What happened to Marcus McGuane and Louie Barry at Barcelona?
Since Gary Lineker in the late 1980s, no Englishman has thrived at Barcelona on the pitch. Louie Barry and Marcus McGuane came to Camp Nou in 2019 and 2018 respectively, hoping to follow in his footsteps, but both have since departed.
Making it at any club is hard but doing so with Barca is even harder. There are so many variables these days that a player needs a perfect blend of ability, fortune, dedication and patience to progress to the first team. Different factors were absent for Barry and McGuane, stopping them from succeeding on Spain’s east coast.
McGuane arrived first, in January 2018, having made two appearances for Arsenal in the Europa League. Barcelona had been tracking the central midfielder since he was 16, signing him at 18, but it didn’t take long for him to fall out of their plans entirely.
Things started well, making his debut for the first team - the first English player to do so since Lineker - in the Catalan Super Cup just over a month after arriving. It was expected that his first six months would be an adaptation period but B team coach Gerard Lopez liked him and he got game time.
However, after the side lost five consecutive matches, Lopez was axed and replaced by Francisco Garcia Pimienta. His modus operandi is endorsing local talent instead of making signings and he instantly took a dislike to McGuane, not thinking he was as good as players who had risen through the youth ranks - Riqui Puig, Alex Collado and even Monchu. Players who already had Barcelona DNA.
Garcia Pimienta will say time has proven him right, although if his approach towards McGuane had been different, perhaps the Englishman would have settled better. One source told Goal the coach’s attitude was ‘hostile’ when it came to the England Under-19 international.
“I felt the impact straight away,” McGuane told iNews. “(Pimienta’s arrival) happened on a Thursday before a game. We were travelling on the Saturday and I wasn't even in the squad. It was a bit of a shock. After that it was tough. I never had the same feeling that I had during those first few months.”
When Garcia Pimienta did use McGuane it was often out of position, on the right wing, instead of centre-midfield. With Ilaix Moriba impressing at youth level too, the club had a lot of options and were already thinking McGuane wasn’t good enough.
There were other concerns over his attitude, with too much focus on the glamorous trimmings that surround football instead of the task at hand. McGuane was well paid at Barcelona compared to some of his team-mates, with the club having lured him away from Arsenal, but he was not delivering performances to match his salary.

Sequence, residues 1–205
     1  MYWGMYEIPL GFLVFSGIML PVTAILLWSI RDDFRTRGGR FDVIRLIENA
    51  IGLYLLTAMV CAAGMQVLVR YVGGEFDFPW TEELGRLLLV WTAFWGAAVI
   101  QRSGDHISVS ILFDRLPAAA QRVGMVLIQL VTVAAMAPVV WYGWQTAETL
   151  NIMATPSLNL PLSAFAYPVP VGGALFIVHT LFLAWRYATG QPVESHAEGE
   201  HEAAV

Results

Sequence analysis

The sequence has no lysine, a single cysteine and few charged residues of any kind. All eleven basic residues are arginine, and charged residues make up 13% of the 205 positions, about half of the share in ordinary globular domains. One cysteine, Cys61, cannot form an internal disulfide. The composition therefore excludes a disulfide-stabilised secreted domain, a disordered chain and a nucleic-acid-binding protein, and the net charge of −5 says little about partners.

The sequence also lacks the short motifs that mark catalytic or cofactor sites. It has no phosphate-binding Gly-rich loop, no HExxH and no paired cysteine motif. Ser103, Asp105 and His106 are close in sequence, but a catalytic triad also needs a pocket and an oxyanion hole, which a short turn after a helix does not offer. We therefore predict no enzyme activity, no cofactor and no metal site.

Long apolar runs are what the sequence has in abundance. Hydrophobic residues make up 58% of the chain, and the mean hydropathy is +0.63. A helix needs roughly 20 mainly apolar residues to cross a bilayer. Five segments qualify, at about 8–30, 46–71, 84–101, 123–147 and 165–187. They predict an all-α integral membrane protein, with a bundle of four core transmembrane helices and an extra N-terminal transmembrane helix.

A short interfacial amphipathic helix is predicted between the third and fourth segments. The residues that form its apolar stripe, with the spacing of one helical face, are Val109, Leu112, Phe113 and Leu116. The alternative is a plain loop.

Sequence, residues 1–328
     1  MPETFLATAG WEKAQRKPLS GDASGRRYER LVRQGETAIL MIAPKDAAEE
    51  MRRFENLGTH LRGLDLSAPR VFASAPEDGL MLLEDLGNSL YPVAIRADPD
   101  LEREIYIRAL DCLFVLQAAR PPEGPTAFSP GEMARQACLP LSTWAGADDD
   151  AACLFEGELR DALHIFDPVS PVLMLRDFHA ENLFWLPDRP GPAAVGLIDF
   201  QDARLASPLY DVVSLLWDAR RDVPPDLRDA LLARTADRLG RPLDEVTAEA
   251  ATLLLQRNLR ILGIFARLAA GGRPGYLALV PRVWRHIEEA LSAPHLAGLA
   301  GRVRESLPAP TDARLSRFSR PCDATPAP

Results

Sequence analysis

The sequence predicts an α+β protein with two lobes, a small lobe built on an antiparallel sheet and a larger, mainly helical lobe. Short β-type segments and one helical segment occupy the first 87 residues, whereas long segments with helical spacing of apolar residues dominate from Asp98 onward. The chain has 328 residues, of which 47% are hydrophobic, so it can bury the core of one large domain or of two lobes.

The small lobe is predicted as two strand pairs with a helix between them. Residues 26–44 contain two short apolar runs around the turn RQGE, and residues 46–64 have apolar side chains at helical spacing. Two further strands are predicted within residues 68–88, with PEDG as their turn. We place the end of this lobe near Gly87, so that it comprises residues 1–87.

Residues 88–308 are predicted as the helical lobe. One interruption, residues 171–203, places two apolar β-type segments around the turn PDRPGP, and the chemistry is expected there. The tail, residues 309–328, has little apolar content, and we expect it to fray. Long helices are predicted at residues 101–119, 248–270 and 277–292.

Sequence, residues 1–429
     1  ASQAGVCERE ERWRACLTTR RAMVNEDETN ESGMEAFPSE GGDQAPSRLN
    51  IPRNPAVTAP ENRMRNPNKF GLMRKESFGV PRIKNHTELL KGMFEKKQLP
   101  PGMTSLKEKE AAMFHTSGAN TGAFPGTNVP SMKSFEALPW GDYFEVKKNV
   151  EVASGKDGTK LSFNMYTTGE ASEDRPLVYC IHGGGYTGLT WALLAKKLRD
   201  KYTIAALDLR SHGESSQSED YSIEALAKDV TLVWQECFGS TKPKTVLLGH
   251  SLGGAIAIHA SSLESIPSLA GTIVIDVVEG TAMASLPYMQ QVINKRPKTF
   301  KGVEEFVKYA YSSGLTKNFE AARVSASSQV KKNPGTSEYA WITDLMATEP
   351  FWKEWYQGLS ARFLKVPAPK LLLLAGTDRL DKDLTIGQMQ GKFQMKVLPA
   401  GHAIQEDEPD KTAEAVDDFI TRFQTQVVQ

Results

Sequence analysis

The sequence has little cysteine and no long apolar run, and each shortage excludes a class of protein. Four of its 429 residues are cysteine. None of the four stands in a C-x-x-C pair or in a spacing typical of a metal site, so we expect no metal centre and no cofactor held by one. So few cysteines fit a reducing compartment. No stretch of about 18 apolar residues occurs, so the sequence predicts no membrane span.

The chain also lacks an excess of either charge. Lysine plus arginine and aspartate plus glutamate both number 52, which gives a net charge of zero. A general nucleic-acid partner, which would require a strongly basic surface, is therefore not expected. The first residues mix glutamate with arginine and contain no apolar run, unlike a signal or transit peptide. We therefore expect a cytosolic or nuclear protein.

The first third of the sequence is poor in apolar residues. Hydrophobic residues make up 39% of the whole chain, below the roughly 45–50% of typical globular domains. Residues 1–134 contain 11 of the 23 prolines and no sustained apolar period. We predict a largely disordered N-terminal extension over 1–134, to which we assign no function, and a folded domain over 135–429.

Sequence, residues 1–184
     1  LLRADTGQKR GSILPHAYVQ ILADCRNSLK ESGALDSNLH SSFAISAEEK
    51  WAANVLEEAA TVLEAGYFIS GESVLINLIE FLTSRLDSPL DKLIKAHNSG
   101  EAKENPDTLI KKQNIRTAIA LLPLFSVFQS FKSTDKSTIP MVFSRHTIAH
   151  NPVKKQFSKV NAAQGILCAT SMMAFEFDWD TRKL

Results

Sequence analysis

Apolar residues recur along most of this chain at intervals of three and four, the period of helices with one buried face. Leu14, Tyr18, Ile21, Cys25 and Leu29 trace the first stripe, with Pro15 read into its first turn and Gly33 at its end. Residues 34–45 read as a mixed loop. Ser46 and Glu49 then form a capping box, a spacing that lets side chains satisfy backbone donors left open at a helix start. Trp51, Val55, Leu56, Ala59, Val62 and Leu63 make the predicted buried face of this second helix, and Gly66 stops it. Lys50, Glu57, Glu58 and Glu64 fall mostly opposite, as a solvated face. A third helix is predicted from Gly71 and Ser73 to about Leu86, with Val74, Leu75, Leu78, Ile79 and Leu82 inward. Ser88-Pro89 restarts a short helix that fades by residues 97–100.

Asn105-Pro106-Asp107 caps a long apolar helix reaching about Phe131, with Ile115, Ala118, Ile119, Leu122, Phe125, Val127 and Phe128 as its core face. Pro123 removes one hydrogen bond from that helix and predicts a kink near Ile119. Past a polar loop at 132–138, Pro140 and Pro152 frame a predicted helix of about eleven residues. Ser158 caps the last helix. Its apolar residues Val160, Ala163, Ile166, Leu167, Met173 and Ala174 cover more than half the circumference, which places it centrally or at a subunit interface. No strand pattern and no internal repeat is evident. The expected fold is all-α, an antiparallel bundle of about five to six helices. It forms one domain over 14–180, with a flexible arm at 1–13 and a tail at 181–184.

McGuane was loaned to Dutch side Telstar in September 2019 and then joined Nottingham Forest in February.
Barry’s story is different. He arrived feted as one of the most promising young forwards around and Barcelona did not want to let him go. Those close to the player were hopeful he could even make his Premier League debut as early as this season for Aston Villa - although the coronavirus pandemic may change the landscape.
Barry signed for Barcelona from West Brom ahead of Paris Saint-Germain, despite a £3.2 million offer from the French side. It is hard to reject the Catalans, due to their history and their status as a true football giant, even though the financial package was significantly smaller than what the Parisians were offering.
Few doubted Barry’s talent at Barcelona but, at just 16, playing with the U19 team meant he didn’t get all the opportunities he wanted. He was starved of minutes, frequently only given the home stretch of games to impress. And he did, scoring some impressive goals, looking lively and sharp - or as sharp as you can be if not given minutes.
Barcelona signed Barry in July to play as the No.9 for the Juvenil A side but then brought in Gerard ‘Peque’ Fernandez two months later from UE Cornella, and he took the lion’s share of the game time. His style suited Barcelona’s classic set-up more but between the two, Barry was faster, a better finisher and had more potential.
Like with McGuane, internal shuffles constricted his opportunities. It was then general sporting manager Pep Segura who helped bring in Barry, but by the time the season started he had parted ways with the club.
Despite impressing in pre-season, alongside Ansu Fati - before his career ignited - it took a long time for Barry to get his FIFA clearance to play for Barcelona - an agonising 11-week wait.
Victor Valdes, the coach, left too and Franc Artiga replaced him. Similar to Garcia Pimienta taking over the B team, that switch also damaged Barry’s chances of playing. However while he waited for his clearance, and later while being frustrated on the bench, Barry was learning a lot in training.
A source close to the player told Goal that his time in Spain “helped him come on leaps and bounds, and gave him a lot of confidence.” Another source told Goal that he had a level of respect from coaches and team-mates that McGuane never reached, and that he was good enough.
Barry, the first Englishman to live at La Masia would have loved to prove himself but wasn’t being given the opportunity to do it. In January 2020, six months after joining Barcelona, he left for Aston Villa for around €3m.
The Catalans would happily have kept him - they wanted to - but the striker was thirsty for minutes and preferred to sign for the club which his family supports, despite interest from Liverpool.
He is still impressing for Villa’s U23s and U18 team, as well as in the England youth set-up. The goals keep coming. Barry is still very young - he will not turn 17 until June.
There is every chance he will go on to become a star - but not at Barcelona.